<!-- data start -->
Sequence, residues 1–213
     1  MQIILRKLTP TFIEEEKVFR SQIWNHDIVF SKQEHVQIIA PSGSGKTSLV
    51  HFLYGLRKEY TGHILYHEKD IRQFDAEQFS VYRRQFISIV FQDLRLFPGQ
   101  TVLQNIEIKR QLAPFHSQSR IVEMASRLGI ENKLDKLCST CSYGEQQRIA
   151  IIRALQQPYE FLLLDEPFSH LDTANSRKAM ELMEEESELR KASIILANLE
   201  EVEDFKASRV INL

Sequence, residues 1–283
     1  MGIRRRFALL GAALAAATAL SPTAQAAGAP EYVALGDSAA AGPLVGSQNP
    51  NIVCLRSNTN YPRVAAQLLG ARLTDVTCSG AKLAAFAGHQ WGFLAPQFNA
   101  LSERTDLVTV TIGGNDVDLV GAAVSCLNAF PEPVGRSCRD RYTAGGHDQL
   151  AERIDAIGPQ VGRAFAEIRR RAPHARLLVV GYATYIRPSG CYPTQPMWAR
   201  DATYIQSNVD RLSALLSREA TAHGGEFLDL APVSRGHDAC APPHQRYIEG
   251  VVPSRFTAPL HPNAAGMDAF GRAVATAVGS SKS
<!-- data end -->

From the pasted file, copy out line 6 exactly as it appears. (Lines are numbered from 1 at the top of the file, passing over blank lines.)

   201  EVEDFKASRV INL